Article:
I'm brand new to JavaScript and jQuery and I feel like there's probably a better way to do this. It seems that the way I designed it may not be very optimal once you get a thousand entries in the list but I do like the fact that it's a live search.

Note: I tried changing the style of the <option>'s to display:none but that doesn't work in all browsers.


<input type="search" id="SearchBox" />
<br />
<div class="scrollable" id="CustomerSelectDiv">
    <select size=2 class="scrollableinside" id="CustomerSelect">
        <option value=100>test</option>
        <option value=101>test1</option>
        <option value=102>test2</option>
        <option value=103>test3</option>
<div style="display: none;">
    <select id="CustomerSelectHidden"></select>

 <script type="text/javascript">
        window.onload=function() {
            var $options = $('#CustomerSelect option');
            document.getElementById("SearchBox").onkeyup = function () {
                var $HiddenOptions = $('#CustomerSelectHidden option');
                $HiddenOptions.each(function (index, value) {
                var search = $.trim($(this).val()).replace(/ +/g, ' ').toLowerCase();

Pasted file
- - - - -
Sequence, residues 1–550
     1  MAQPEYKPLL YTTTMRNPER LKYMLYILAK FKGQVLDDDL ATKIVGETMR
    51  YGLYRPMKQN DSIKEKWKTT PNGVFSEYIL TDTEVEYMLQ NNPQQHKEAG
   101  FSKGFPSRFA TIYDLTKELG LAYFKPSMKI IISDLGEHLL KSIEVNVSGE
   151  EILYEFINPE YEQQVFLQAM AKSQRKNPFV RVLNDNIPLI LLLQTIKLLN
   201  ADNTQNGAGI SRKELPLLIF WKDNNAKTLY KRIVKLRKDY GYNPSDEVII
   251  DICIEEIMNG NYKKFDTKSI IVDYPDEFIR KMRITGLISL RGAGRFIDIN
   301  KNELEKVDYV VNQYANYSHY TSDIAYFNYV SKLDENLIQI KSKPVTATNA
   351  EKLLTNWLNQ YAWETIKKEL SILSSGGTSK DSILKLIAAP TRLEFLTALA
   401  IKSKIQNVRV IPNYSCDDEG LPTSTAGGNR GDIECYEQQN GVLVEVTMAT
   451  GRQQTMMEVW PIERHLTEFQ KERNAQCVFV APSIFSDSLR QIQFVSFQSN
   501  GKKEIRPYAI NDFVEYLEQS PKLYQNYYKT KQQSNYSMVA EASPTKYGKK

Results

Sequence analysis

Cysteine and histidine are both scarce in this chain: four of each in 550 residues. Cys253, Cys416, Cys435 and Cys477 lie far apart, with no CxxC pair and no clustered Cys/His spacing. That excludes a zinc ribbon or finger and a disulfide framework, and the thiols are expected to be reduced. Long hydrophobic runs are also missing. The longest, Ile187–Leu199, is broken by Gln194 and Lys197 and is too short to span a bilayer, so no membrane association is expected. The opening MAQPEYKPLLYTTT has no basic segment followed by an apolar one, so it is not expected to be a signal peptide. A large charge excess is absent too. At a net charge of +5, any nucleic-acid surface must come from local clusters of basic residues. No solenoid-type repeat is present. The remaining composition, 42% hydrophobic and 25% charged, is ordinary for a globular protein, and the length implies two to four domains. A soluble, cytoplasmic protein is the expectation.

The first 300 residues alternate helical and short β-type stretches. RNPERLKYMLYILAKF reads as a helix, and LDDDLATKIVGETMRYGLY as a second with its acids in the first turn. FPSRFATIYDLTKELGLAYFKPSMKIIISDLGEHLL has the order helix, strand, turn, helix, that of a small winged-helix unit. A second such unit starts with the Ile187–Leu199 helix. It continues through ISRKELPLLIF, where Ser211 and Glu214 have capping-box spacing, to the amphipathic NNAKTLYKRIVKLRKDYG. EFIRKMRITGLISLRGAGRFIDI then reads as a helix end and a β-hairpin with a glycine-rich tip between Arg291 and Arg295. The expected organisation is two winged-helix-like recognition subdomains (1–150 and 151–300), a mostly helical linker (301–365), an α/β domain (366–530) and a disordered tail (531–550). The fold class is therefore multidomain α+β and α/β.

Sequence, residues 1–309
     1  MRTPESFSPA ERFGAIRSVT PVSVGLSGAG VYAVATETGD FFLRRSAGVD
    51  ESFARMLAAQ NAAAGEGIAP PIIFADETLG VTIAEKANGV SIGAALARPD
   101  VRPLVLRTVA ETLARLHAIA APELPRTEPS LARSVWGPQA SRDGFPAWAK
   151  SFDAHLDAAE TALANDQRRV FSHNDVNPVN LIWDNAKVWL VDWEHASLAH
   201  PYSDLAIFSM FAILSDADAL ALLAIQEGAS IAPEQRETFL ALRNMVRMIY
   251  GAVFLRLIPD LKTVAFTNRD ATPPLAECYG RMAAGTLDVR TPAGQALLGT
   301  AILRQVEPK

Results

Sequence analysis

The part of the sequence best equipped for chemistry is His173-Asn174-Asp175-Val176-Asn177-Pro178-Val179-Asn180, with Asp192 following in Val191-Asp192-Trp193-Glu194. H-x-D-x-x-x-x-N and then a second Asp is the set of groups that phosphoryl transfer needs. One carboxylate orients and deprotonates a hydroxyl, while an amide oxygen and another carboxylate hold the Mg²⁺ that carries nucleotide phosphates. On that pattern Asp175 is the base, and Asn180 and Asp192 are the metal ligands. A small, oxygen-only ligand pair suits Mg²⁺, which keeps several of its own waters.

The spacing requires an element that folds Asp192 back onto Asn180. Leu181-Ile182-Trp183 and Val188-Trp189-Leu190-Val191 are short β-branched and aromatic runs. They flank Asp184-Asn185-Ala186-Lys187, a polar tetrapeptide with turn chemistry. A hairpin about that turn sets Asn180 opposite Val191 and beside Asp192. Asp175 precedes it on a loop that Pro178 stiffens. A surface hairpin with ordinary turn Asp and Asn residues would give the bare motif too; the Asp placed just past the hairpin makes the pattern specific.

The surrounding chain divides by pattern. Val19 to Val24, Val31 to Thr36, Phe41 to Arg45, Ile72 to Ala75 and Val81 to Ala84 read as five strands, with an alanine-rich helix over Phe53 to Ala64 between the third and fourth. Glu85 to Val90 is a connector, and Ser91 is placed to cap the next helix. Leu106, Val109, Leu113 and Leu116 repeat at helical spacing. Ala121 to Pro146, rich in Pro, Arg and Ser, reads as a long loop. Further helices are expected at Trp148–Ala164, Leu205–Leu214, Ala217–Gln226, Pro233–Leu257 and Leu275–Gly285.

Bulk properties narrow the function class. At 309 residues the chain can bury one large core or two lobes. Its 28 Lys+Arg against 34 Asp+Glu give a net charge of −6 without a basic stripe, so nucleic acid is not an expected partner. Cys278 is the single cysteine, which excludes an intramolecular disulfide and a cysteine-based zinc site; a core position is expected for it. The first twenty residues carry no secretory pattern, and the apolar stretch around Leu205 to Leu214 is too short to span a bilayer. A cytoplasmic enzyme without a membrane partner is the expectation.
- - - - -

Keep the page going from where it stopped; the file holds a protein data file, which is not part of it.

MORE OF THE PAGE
var element = $options.filter(function () {
                    var text = $(this).text().replace(/\s+/g, ' ').toLowerCase();
                    return !~text.indexOf(search);

                $('#CustomerSelect option').sort(Sort).appendTo('#CustomerSelect');
        function Sort(a, b)
           return (a.innerHTML > b.innerHTML) ? 1 : -1;

2 Answers 2


First thing I notice is that you're actually not using jQuery all that much. The point of jQuery is really its convenience compared to the native DOM. You're foregoing that convenience in some places, and relying on jQuery in others. You can of course do it all directly using the DOM and skip jQuery, but you're not quite doing that either. My point is really just that you should decide one way or the other in order to keep the code consistent.

Also, while it's not enforced, convention dictates that function names are lowerCamelCase. If you use PascalCase it implies that a function is a constructor. I.e. your Sort function should be just sort.

However, the sort function is not necessary. Provided you always search in a "master list" of options, and those are already sorted, then the filtered options will retain that order.

The hidden select element isn't necessary either; you can clone the full option list into memory, and filter it from there without having to store it in the document.

In fact, by keeping a master list, you can "prepare" that list to make it faster to filter later.

Here's a demo of my take and here's the code:

$(function () {
    var customerSelect = $("#customer"),
        searchField    = $("#search"),
        options        = customerSelect.find("option").clone(); // clone into memory

    // generic function to clean text
    function sanitize(string) {
        return $.trim(string).replace(/\s+/g, ' ').toLowerCase();

    // prepare the options by storing the